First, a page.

A mortgage is essentially a real estate lien that is placed on property. This lien is placed by the bank or financial institution that has lent the money to a borrower in order for that borrower to purchase the property. Typically, mortgage transactions involve a promissory note and a deed of trust. A promissory note is a contract that states that the borrower agrees to repay the lender for the money owed, plus interest. It holds the borrower accountable for repaying the loan, even in the event they sell the property.
A deed of trust document is what serves as a lien on the property. Thus, if the borrower does not repay the loan, the lender may force repayment by selling the property. Simply put, a signed and approved mortgage obligates the borrower to pay back the loan plus interest for the property. The lender is granted the right to foreclose on the property if the borrower fails to repay the mortgage.
There are several different types of mortgages, all of which involve different terms and conditions to meet the specific needs of a borrower. Some common types of mortgage arrangements include:
- Fixed Rate Mortgages: For fixed rate mortgages both the interest rate paid on the loan and the monthly payments are determined before the borrower accepts the loan;
- Adjustable Rate Mortgages: For adjustable rate mortgages the interest rate and monthly payment remain the same for an initial period of time. Then, once that time has passed, the interest rate and payments may periodically be adjusted; or
- Balloon Mortgages: For balloon mortgages a fixed interest rate and payment amount are fixed for the duration of the loan, but must be paid back in its entirety after a short amount of time as determined by the lender.
In order to apply for a mortgage, the following information must be provided by the borrower:
- Value of current assets and current debts;
- Employment history and current income;
- Source of down payment; and
- Credit history and score.
What Is Mortgage Fraud?
Essentially, mortgage fraud refers to falsifying information in order to get a better mortgage rate. Mortgage fraud occurs by providing false, incorrect, or exaggerated information on a loan application, and is currently one of the fastest growing forms of white collar crime. Mortgage fraud can come in many different forms, but the most common forms are:
- Income Fraud: This form of mortgage fraud occurs when the borrower overstates their income. They may do this to qualify for a higher loan or a better rate;
- Loan as a Gift: Treating a loan as a gift reduces the amount of debt the borrower appears to have, which could possibly cause the lender to approve a loan they may otherwise reject. An example of this would be when people borrow money from their family in order to make a down payment on a piece of property;
- Occupancy Fraud: Occupancy fraud occurs when a borrower wishes to obtain a mortgage in order to purchase an investment property while claiming that they will live on the property. This is considered to be a type of fraud because lenders generally charge higher interest rates for investment property mortgages, as they are considered to be a more risky type of loan for lenders;
- Appraisal Fraud: This type of fraud occurs when a home’s value is deliberately or fraudulently understated, or overstated. Overstated value leads to more money being obtained, with the value then being understated in order to obtain a lower price on a foreclosed home;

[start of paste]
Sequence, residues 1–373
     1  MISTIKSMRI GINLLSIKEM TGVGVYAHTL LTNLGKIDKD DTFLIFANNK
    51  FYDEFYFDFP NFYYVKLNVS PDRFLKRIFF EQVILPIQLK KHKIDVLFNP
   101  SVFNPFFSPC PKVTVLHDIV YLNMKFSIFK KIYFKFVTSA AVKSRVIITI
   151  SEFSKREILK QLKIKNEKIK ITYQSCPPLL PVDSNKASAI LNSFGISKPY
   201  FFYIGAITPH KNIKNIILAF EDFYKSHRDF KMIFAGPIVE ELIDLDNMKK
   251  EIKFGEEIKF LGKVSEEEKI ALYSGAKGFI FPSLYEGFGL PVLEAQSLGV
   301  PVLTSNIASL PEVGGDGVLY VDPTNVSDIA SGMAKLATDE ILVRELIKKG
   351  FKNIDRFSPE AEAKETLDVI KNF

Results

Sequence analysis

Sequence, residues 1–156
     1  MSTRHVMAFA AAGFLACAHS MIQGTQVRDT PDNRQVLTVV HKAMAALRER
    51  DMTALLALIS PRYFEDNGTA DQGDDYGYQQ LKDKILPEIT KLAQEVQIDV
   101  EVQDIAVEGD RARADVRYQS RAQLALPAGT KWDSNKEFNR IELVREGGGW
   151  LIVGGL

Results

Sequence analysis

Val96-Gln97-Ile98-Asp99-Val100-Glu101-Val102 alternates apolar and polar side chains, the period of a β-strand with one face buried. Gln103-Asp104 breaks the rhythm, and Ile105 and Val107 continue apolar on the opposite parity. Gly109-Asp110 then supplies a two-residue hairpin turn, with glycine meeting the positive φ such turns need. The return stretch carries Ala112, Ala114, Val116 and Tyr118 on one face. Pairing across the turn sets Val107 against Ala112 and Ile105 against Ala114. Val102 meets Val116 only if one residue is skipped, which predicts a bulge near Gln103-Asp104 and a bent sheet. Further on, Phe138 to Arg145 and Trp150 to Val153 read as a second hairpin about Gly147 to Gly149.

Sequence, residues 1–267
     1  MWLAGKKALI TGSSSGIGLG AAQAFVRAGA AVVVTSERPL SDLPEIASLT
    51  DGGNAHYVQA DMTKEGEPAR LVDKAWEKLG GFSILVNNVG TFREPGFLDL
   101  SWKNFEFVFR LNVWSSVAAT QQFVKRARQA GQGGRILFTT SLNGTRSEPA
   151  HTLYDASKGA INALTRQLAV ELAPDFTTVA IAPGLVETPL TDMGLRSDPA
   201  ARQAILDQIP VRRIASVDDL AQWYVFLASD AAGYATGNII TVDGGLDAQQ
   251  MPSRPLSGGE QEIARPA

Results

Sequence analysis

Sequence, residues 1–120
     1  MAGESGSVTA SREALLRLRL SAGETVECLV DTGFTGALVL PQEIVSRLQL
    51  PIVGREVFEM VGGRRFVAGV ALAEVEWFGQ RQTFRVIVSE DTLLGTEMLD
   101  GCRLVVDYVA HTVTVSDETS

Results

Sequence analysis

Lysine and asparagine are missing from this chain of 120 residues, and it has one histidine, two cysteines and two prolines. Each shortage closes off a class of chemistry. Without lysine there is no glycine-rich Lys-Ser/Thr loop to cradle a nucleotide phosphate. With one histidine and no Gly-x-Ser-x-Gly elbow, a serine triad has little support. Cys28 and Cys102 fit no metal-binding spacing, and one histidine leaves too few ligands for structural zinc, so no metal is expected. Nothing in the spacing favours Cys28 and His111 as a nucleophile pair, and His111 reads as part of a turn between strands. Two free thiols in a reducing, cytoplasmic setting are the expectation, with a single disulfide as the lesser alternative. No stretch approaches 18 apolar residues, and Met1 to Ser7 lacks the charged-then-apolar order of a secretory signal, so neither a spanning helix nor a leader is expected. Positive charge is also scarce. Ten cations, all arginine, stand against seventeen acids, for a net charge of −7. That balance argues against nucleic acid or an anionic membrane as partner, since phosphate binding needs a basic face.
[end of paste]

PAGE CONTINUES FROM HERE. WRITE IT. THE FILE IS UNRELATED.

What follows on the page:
- Employment Fraud: Employment fraud happens when a borrower claims to be self employed in a company that does not exist, or claims a higher position in a real company. They may do so in order to misrepresent their income for the purpose of obtaining a mortgage; and
- Fraud for Profit: This complex scheme involves multiple professional mortgage lenders, in an attempt to defraud the lender of large sums of money. This could include a straw borrower, a dishonest appraiser, and a dishonest settlement agent all working together in order to get an under-served large loan.
Is Mortgage Fraud Considered to be Criminal Fraud?
Simply put, yes. Mortgage fraud is a white collar crime, and criminal fraud constitutes white collar crime as well. If someone knowingly lies about important or key facts in a transaction, with the other party relying on that false information then suffers some kind of harm, fraud has been committed. A borrower intentionally lying about key facts to a lender causes harm to the lender and is therefore criminal fraud.
A criminal fraud conviction could result in prison time, parole or probation, substantial fines, and restitution (paying victims back for the losses incurred). The exact penalties for criminal fraud are influenced by several factors. These include the severity of the fraud, the person or entity that experienced the fraud, and the amount of money or property that was taken by the defendant as a result of their fraudulent actions.
Do I Need an Attorney to Help With Mortgage Fraud?
It is important to note that many people who commit mortgage fraud do not do so on their own volition. Generally mortgage fraud is committed at the urging of a real estate agent in hopes of closing a deal. Regardless of the circumstances leading to the commitment of mortgage fraud, you should consult with a skilled and knowledgeable fraud attorney if you find yourself facing criminal fraud charges.
An experienced criminal defense attorney can help you determine if you have any defenses available to your case, as well as represent you in court as needed. Additionally, an attorney can assist you with any questions or concerns before moving forward with the mortgage process in order to avoid any accidental fraud.